In typical colonial fashion, the manicured gardens opposite the Durban City Hall feature a monument to Queen Victoria and various icons of early white history. Today, the descendants of those subjugated by British and Dutch colonisers crowded the steps of those statues to watch the memorial for Nelson Mandel, broadcast live from Pretoria.
Kept thin by the rain, the largely black crowd can’t have numbered more than five hundred at any one time. But many stayed for the full five hours of the memorial, the start delayed by the late arrival of dignitaries to the FNB Stadium, the famous Soccer City near Soweto, and persistent rain. With the slate weighed-down by a too-full slate of speeches, songs, prayers and formalities, many in Durban and the stadium and grew restless for long stretches. Repeatedly and futilely, the masters of ceremonies called for order.
Many speeches rehashed similar ideas about Mandela and his importance to South Africa and the world. But there were some shining moments. Particularly moving were the brief words his great-granddaughter Phumla Mandela, a young woman with the dignity to match her fire and passion.
President Obama’s speech was easily the best crafted. More than any other, his dwelt on Mandela the man, his imperfections as well as his achievements, and what he found within himself to overcome towering challenges. As he did in his great speech on race from the 2008 election campaign, Obama avoided bromides and instead articulated how Mandela relied not only on actions and ideas, but also the painstaking work of building institutions and an unshakeable faith in Ubuntu, ‘the ties that bind the human spirit.’
At his introduction and throughout his speech, Obama drew loud applause from the crowd in Durban. With the tired ‘birther’ conspiracies in the United States, it is easy to forget that here in Africa his Kenyan ancestry carries enormous weight and meaning. He is the first American president to not just know Africa but to be of this place.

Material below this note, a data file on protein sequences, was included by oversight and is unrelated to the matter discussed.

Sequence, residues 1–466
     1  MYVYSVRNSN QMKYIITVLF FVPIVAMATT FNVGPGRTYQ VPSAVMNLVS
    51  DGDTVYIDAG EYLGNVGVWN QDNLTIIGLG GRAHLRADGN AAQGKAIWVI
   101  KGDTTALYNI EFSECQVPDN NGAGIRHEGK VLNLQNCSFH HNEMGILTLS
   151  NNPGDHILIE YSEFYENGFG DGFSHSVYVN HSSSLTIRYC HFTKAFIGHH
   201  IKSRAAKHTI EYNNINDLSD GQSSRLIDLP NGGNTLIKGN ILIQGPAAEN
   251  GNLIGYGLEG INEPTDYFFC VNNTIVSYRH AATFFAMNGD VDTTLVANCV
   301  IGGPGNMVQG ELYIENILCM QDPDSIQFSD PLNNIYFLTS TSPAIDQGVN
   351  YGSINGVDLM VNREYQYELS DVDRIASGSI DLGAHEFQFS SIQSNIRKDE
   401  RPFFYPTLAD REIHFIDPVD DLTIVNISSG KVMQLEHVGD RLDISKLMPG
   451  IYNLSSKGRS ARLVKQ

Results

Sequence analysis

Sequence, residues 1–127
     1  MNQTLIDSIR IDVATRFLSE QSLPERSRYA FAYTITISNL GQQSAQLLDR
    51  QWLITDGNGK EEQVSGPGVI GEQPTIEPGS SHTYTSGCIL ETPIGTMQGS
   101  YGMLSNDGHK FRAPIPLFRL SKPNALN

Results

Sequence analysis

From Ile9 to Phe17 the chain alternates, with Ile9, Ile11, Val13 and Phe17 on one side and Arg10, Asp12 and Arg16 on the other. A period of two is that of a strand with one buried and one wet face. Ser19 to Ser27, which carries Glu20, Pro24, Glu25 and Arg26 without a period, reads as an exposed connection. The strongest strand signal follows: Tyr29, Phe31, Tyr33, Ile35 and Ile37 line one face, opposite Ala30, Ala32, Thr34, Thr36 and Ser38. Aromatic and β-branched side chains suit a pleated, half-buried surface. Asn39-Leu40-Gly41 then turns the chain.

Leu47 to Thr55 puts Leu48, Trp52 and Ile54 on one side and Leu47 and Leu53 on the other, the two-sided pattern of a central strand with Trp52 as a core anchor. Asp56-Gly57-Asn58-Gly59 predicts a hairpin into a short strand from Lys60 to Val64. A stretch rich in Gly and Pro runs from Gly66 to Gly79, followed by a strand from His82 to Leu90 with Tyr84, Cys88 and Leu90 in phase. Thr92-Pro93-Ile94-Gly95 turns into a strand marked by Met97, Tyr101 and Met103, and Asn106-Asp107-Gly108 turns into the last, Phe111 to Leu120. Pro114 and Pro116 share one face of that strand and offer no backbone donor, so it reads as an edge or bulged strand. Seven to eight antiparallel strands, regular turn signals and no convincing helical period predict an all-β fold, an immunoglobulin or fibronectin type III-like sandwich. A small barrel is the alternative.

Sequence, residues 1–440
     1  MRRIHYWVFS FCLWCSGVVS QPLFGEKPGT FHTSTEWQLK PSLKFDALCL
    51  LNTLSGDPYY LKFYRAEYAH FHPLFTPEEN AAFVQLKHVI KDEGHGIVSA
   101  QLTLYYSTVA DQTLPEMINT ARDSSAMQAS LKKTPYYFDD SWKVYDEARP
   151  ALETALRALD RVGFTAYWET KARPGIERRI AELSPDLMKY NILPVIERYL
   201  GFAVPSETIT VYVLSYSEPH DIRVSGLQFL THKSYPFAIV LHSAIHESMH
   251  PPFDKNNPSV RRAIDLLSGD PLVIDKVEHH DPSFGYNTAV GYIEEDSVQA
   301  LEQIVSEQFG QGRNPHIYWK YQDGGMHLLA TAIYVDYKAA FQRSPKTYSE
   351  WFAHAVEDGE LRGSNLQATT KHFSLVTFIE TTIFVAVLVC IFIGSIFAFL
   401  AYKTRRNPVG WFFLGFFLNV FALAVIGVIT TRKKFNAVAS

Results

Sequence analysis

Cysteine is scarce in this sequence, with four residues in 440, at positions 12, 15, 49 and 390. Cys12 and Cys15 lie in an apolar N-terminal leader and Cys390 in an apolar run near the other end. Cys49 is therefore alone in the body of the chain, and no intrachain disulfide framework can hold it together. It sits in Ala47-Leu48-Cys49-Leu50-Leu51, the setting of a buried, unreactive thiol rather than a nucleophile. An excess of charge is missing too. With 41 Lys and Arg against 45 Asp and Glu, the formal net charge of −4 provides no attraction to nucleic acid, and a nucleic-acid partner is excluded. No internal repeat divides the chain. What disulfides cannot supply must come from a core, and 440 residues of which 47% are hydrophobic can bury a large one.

This differing perspective was even more evident in the cheers that greeted the appearance on screen of Zimbabwean President Robert Mugabe. While western media paints him an anti-democratic strongman, many South Africans sympathise with his redistribution of land and wealth. While Mugabe had no formal role, President Raúl Castro of Cuba did and was similarly received.
In Durban, in his native (and electorally-crucial) KwaZulu-Natal, cheers also greeted South Africa’s own President Jacob Zuma, but boos filled the stadium itself, a sign of increasingly division in the broader electorate. Zuma’s speech was long, dry, and careful to emphasis the role of the ANC in Mandela’s life. Facing elections in 2014, Zuma and the ANC are expected to hold government but slip substantially in the vote. There were few surprises, then, in hearing Zuma do his best to make as many tactful references to the ANC as possible.
Yet the most striking moments of the memorial were unscripted. With vuvuzelas aplenty, makeshift bands scattered about the stadium and sections of the crowd breaking into spontaneous song and dance, many clearly wanted to farewell Mandela their own way. Few in the stadium—or in Durban—had much patience for the halting, platitude-heavy speeches from foreign leaders, or for the endless roll call of attending leaders. Master of ceremonies Cyril Ramaphosa, Deputy President of the ANC and potential successor to Zuma, repeatedly demanded that the crowd show ‘discipline,’ even pulling the microphone away from Indian President Pranab Mukherjee to repeat his admonishments. Archbishop Desmond Tutu also used his time at the end of the ceremony to scold the crowd.
In the shadow of Durban’s neo-Baroque city hall and the statues of dead white colonials, it was easy understand the crowd’s frustration and the great challenges that South Africa faces in the wake of Mandela’s passing. People here want more change and wider prosperity. Many are sick of leaders who call for order, patience and discipline only to repeat the same words, the same slogans, the same ideas. During the memorial, there were a handful of official songs and the crowd in Durban stood for these, singing and dancing. It was hard not to think that many are simply sick of paternalism and want their voices to be heard more loudly. Mandela, surely, would have told them to keep the struggle alive.